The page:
Geometrical program module for modeling hadron and electromagnetic cascades, which accomplishes comparison of physical coordinates with the particle current state of one of the auxilliary cells, is described. The whole medium wherein the particles are tracked, is divided into a certain number of auxilliary cells. The identification algorithm of the cell, through which the particle trajectory passes, is considered in detail. The described algorithm for cell identification was developed for the MARS program and realized in form of a set of subprograms written in the FORTRAN language. 4 refs., 1 tab

  14. Geometrical optics model of Mie resonances

    Science.gov (United States)

    Roll; Schweiger

    2000-07-01

    The geometrical optics model of Mie resonances is presented. The ray path geometry is given and the resonance condition is discussed with special emphasis on the phase shift that the rays undergo at the surface of the dielectric sphere. On the basis of this model, approximate expressions for the positions of first-order resonances are given. Formulas for the cavity mode spacing are rederived in a simple manner. It is shown that the resonance linewidth can be calculated regarding the cavity losses. Formulas for the mode density of Mie resonances are given that account for the different width of resonances and thus may be adapted to specific experimental situations.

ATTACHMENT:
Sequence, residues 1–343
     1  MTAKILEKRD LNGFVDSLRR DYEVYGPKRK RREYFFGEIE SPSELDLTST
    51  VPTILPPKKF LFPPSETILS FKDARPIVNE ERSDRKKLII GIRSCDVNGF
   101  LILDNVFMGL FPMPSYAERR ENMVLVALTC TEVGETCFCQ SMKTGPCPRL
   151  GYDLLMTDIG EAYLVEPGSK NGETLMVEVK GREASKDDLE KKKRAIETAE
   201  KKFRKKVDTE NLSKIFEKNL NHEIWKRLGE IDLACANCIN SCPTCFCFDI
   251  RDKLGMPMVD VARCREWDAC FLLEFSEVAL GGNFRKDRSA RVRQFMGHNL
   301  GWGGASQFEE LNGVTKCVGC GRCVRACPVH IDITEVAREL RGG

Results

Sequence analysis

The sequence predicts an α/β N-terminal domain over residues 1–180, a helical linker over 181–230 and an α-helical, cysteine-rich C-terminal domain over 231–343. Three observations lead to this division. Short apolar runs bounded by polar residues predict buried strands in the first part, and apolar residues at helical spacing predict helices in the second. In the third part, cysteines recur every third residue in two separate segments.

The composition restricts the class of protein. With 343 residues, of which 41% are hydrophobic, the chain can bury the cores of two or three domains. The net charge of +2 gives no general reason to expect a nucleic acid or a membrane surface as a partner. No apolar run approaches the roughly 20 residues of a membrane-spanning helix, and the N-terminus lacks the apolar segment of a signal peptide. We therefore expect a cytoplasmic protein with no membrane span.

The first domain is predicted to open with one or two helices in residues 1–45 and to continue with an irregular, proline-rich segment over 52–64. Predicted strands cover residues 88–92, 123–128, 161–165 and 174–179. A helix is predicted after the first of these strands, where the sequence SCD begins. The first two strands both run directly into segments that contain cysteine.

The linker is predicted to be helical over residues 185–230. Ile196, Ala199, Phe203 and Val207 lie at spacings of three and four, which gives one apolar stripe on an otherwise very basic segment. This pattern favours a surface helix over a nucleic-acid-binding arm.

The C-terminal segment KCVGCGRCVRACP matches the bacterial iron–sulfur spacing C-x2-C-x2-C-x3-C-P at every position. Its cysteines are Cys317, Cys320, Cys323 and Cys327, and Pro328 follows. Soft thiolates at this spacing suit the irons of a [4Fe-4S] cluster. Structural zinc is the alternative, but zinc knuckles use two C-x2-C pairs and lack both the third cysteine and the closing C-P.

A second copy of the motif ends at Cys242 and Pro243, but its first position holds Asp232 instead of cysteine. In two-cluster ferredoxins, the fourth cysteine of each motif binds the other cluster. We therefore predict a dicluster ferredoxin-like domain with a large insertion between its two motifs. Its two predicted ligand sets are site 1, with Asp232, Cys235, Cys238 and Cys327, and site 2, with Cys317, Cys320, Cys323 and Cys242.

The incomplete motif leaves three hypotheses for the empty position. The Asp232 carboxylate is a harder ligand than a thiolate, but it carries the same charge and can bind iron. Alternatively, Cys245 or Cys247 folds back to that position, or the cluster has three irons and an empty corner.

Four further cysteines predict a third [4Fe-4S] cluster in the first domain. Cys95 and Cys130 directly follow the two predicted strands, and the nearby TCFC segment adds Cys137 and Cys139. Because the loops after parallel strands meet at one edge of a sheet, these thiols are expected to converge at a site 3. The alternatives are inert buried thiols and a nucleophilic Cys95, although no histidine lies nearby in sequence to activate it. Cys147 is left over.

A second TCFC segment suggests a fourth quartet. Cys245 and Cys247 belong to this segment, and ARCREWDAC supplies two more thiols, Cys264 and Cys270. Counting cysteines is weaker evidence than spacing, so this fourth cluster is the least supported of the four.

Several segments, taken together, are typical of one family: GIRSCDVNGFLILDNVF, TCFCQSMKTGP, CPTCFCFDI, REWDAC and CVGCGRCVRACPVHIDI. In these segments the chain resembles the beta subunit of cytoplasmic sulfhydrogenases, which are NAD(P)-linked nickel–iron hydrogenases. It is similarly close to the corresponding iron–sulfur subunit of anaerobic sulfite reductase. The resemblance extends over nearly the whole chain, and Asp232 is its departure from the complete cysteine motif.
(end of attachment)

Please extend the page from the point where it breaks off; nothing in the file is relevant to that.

15. On the geometrization of electromagnetism by torsion

    International Nuclear Information System (INIS)

    Fonseca Neto, J.B. da.

    1984-01-01